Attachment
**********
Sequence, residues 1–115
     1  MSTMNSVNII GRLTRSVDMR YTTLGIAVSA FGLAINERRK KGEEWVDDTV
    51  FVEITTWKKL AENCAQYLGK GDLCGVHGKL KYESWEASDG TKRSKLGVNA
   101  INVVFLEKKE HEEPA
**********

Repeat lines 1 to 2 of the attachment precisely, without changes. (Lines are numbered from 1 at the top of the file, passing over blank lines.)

Sequence, residues 1–115
     1  MSTMNSVNII GRLTRSVDMR YTTLGIAVSA FGLAINERRK KGEEWVDDTV